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LIS618 lecture 4
Thomas Krichel
Structure of talk
• Before online searching
• Introduction to online searching
• Introduction to DIALOG
– Overview
– bluesheets
before a search
• what is purpose
– brief overview
– comprehensive search
• What perspective on the topic
– scholarly
– technical
– business
– popular
before search
• What type of information
• Are there any known sources?
before search
What are the language restrictions?
What, if any, are the cost restrictions?
How current need the data to be?
How much of each record is required?
Dialog is a databank
• over 500 databases
• these are also known as files and cover
– references and abstracts for published
– business information and financial data;
– complete text of articles and news stories;
– statistical tables
– Directories
• DIALOG uses the Boolean model
DIALOG interface
• is still rooted in "traditional" database
• dismissed as "dial-a-dog"
• is uses a command-driven interface
• it is very complicated to learn fully
• it is not suitable for the end-user
• it therefore offers a valuable skill to the
information professional
• it is a challenge for a professor to teach
Accessing DIALOG
• On the web, go to
• Enter username and password, then click
on logon
• When it is all done, click logoff in the top
two steps in DIALOG
• step one: select databases (aka files) to
look at
• step two: perform searches on the
selected databases
• You may wonder why one does not have
one single step like in a search engine.
• today we concentrate on the second step
working on selected files
• We assume that we have selected
database that we know and we look at the
search interface on the selected database.
• The database selection process is a bit
more complicated, covered next week.
• First, let us login and look at the command
• Then we select the first database (file) with
the begin command
The begin command
• As its name suggests, usually the first
• begin number, number,…
• selects files with numbers number
• Once they are selected they can be
• Now select the ERIC "begin 1"
• "Begin 1" can be abbreviated as "b 1"
Substeps in the second step
• Identify search terms
• Use Dialog basic commands to conduct a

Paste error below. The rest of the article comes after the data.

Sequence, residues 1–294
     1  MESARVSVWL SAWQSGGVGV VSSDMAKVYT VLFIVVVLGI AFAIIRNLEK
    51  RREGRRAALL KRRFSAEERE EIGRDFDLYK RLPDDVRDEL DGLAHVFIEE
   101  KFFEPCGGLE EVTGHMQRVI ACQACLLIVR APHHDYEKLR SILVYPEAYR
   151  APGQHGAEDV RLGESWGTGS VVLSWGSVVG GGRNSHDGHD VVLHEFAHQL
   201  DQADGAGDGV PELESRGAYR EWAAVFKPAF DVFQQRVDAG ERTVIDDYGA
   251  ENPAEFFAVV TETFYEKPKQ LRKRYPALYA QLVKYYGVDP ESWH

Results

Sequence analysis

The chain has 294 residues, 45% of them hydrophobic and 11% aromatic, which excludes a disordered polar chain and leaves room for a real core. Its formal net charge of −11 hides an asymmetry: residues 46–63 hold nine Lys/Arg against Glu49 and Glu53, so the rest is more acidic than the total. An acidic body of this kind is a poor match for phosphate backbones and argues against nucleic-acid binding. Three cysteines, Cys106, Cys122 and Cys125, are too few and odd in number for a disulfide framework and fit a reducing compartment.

• View records online or print the results
the 's' (select) command
• Once issued the "begin" command to select a
database, we issue the "s" command on the
• "s query_terms" where query_terms are the
query terms
• This will search the index of selected database
in full-text view for the query issued
• It will not find any of the following: "an and by for
from of the to with". They are stop words.
• If you want to use several keywords there
are three ways
– you can truncate search terms
– you can build an expression by putting
several keywords together. This is achieved
by DIALOG's connectors.
– you can combine several expressions with the
use of Boolean operators
• we will cover this is in turn now
truncation of terms
• Open Truncation
– "select path?" retrieves all words that begin
with path: paths, pathos, pathway, pathology
• Controlled-Length Truncation
– "select path? ?"
retrieves the root and up to
one additional character: paths
– "select path??"
retrieves the root and up to
two additional characters: paths, pathos
truncation of terms II
• Embedded Character truncation can be used
for variant spellings:
– "select organi?ation" -> organization organisation
– "select fib??board" -> fiberboard fibreboard
• This truncation feature is also useful for
searching for unusual plural forms:
– "select wom?n"
-> woman women
• You can also do prefixes by putting the ? in the
– "?mobile"
automobile metamobile
Use of connectors
• Connectors are used to put several words
• One instance where this is useful is when
you have words that on their own mean
different things.
• For example "mate" is a herbal beverage
consumed in South America. Looking for
mate on the Internet retrieves a lot of
singles' pages.
terms connected to mate
• What other terms to be used?
– matear
– matero
– cebar
– cebador
– yerba
– bombilla
(suck mate)
(mate sucker)
(prepare mate)
(mate preparer)
(mate herb)
(mate straw)
• '(W)' requires terms to appear one after
the other next to each other e.g.
'yerba(W)mate?' matches "yerba mate".
• '(i W)' where i is an integer, means
followed by at most i words, e.g.
'ceba?(3W)mate?' matches "cebar un
maravilloso mate" but not "cebador guapo
mirando un buen mate"
• '(N)' requires terms to be next to each
other e.g. 'yerba(N)mate?' matches "yerba
mate" or "mate yerba".
• '(i N)' where i is an integer, means
proximity by at most i words, e.g.
'ceba?(3N)mate?' matches "cebar mate"
or "matear con la cebadora".
• '(S)' searches for the occurrence of
connected terms in the same paragraph.
using Boolean operators
• In your query, you can combine several
expressions with Boolean operators
• Example: "?SELECT
• But I usually do not issue such fancy
executing several searches
• there can be several searches done
sequentially, and the results sets are
saved by the system.
• Each time the system assigns a set
• These can be combined in Boolean
expressions, e.g. 's S1 or S2 and S3'
• Remember that Boolean operations are
Boolean operators
• when using Booleans, be aware that "and"
has higher precedence than "or".
• Thus:
a or b and c
is not the same as
(a or b) and c
but it is
a or (b and c)
type command
type set/format/range
• set is a result set
• format is a format
• range can be
– start – end
• start is a record number to start
• end is a record number to end
– all
formats are defined
2 -- full record except abstract
3 or medium – citation
5 or long – full except full text
6 or free – title and dialog number
8 or short – title plus indexing terms
– useful to find other indexing terms
• 9 or full – everything
• KWIC or K – keywords in context
Thank you for your attention!